News by Max Metzger

Banking giant HSBC's online banking portal has been taken by a large DDoS attack, just a couple of days before taxes are due in.

HSBC has beaten off a DDoS attack today according to the international banking giant. One of the bank's spokespeople told press that: “HSBC internet banking came under a denial of service attack this morning, which affected personal banking websites in the UK. HSBC has successfully defended against the attack, and customer transactions were not affected. We are working hard to restore services, and normal service is now being resumed.” 

HSBC's online banking portal had been suffering a large outage over a couple of hours today and this was because the bank had been doing battle, trying to defend against a DDoS attack. The perpetrator was not specified by the spokesperson but the bank later tweeted:

HSBC has also declared it will be refunding customers who have lost money as a result of the attack and is waiving fees racked up by the attack. The smoke is yet to clear and the bank has not released much information on the details of the attack or what was affected. It was however keen to point out to the press that no customer details were compromised. 

While the full story is not currently known, DDoS attacks are commonly used as smoke screens to divert the attentions of a cyber-sec team while the attackers steal actually valuable data. Jonathan Sander, VP of product strategy at Lieberman Software expanded on this to SC: “Often DDoS attacks like this are a distraction technique; bad guys hit you hard on the left so you're too busy to see them sneak in on the right. DDoS attacks where bad guys flood your website with so much work they fold under the pressure aren't even strictly a security issue on their own. Unless the DDoS is part of a recipe to steal stuff, it's a nuisance that is more about someone flexing their muscles than doing damage.”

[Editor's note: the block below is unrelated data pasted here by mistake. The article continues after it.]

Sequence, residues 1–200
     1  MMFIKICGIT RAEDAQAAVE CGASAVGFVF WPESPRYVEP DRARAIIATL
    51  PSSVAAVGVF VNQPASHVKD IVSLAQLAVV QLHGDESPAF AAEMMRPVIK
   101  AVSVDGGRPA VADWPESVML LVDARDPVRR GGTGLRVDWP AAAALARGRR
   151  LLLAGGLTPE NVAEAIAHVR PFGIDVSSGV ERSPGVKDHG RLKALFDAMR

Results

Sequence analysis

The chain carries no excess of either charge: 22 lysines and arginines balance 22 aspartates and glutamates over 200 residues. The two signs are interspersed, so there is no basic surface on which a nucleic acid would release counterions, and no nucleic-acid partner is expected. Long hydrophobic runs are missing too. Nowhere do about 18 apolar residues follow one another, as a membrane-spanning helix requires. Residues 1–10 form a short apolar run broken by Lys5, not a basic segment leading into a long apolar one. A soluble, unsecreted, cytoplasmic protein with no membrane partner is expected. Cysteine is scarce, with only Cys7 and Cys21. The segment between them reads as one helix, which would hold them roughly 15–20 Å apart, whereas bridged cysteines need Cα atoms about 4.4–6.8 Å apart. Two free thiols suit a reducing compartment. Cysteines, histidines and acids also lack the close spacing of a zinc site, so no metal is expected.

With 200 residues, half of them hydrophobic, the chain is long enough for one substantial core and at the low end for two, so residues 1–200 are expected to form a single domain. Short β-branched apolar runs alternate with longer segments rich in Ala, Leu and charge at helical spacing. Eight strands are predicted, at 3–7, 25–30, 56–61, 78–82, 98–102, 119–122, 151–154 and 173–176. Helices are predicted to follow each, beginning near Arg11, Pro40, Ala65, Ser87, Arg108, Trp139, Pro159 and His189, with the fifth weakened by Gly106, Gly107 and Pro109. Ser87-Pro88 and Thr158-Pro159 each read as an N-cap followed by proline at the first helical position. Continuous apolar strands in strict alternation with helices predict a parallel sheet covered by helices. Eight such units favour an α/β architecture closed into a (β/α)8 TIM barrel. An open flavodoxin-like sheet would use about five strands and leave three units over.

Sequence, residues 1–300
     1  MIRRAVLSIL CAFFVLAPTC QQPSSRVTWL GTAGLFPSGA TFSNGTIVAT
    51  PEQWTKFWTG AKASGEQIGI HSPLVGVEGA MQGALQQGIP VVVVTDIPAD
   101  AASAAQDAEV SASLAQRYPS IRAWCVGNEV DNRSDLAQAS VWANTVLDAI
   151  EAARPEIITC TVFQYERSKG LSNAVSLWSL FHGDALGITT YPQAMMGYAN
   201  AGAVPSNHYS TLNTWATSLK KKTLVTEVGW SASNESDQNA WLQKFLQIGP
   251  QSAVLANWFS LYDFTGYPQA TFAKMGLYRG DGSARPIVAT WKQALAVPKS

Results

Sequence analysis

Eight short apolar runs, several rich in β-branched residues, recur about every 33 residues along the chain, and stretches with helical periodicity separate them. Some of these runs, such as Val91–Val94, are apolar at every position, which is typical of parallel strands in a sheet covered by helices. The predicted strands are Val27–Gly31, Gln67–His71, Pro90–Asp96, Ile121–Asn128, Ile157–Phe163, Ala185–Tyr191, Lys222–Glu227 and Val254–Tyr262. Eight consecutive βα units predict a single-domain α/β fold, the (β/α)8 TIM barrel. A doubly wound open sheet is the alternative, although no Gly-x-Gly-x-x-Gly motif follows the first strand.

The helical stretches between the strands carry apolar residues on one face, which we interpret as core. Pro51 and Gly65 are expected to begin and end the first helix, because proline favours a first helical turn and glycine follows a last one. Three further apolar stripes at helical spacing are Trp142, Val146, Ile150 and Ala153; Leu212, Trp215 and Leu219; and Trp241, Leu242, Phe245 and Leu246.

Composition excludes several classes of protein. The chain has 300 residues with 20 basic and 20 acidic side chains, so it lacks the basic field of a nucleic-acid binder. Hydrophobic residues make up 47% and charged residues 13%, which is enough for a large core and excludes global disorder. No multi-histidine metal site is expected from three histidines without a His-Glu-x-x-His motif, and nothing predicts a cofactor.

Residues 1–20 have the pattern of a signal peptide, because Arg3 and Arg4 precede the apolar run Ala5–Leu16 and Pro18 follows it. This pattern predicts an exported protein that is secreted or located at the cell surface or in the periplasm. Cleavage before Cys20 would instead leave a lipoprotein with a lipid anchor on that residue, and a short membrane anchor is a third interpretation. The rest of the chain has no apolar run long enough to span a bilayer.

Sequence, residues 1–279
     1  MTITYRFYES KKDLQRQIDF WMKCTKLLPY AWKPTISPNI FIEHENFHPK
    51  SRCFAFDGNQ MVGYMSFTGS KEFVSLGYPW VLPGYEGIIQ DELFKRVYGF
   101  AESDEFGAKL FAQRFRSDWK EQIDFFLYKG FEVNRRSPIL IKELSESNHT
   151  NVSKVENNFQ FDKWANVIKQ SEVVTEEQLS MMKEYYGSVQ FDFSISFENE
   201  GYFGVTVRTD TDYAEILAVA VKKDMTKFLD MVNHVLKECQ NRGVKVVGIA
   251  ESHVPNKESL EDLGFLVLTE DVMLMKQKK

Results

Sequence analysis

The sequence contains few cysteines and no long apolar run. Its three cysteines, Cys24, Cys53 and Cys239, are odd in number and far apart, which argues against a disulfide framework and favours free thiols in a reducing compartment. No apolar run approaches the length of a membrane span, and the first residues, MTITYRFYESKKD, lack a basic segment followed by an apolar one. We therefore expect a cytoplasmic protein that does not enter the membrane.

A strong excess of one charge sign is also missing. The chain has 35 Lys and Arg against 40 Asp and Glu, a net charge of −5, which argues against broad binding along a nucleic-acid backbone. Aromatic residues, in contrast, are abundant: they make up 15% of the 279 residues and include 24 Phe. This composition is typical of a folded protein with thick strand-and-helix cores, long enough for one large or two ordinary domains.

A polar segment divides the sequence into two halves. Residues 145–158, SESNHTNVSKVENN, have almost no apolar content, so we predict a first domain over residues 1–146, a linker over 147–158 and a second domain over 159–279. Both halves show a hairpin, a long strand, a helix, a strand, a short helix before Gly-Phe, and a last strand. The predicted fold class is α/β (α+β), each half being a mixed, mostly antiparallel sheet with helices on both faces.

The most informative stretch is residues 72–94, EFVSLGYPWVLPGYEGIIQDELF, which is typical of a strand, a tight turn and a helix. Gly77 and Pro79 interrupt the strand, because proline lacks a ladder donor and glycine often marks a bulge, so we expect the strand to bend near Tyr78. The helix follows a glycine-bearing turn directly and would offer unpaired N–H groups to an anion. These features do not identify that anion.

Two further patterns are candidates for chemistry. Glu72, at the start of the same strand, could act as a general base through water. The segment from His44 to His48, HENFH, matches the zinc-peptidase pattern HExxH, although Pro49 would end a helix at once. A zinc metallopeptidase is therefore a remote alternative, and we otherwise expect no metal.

With the last day to file tax returns coming up on Sunday, such an attack surely put those who rely on HSBC's banking portal for financial activities in something of a corner with customers flooding the bank's call centres and taking to twitter to vent their spleens on the inconvenience. Responses ranged from the polite,,

to the flamboyant:

While much of the national press, no doubt helped by the public relations team at the bank, have spun this as a success rather than a failure, those within the industry have been less charitable about HSBC's defence of its customers. Brian Spector, CEO of MIRACL told that while not even the world's great financial institutions are immune to cyber-attack: “HSBC is using antiquated authentication technology; what else is not up to speed such that one of the world's largest banks has been taken offline?” Adding, “HSBC is claiming to have “successfully defended” the attack but if your main business is taken offline, and your website is unreachable, you have not successfully defended yourself.” 

Jamal Elmellas, technical director at Auriga, also offered some insight to SC: “This was of course a targeted attack that took advantage of weaknesses in the bank's defences. HSBC suffered a similar type of attack in 2012 which suggests its current security posture isn't as comprehensive as it should be. Social media monitoring, focused threat detection assessment, and real time monitoring of the security operations centre (SOC) would have significantly reduced the odds of a successful attack.” 

Elmellas added, “Yes, HSBC has stepped up and informed its customers and yes it has worked hard to resolve the issue but given it's a repeat attack it could still potentially damage customer confidence in the banks' online capabilities.” 

This is not the first time HSBC's systems have run into trouble. In August last year, the bank's payment systems crashed, preventing customers from transferring money. In 2012, the bank was DDoSed twice at the same time as several other major banks including the US based Capital One.

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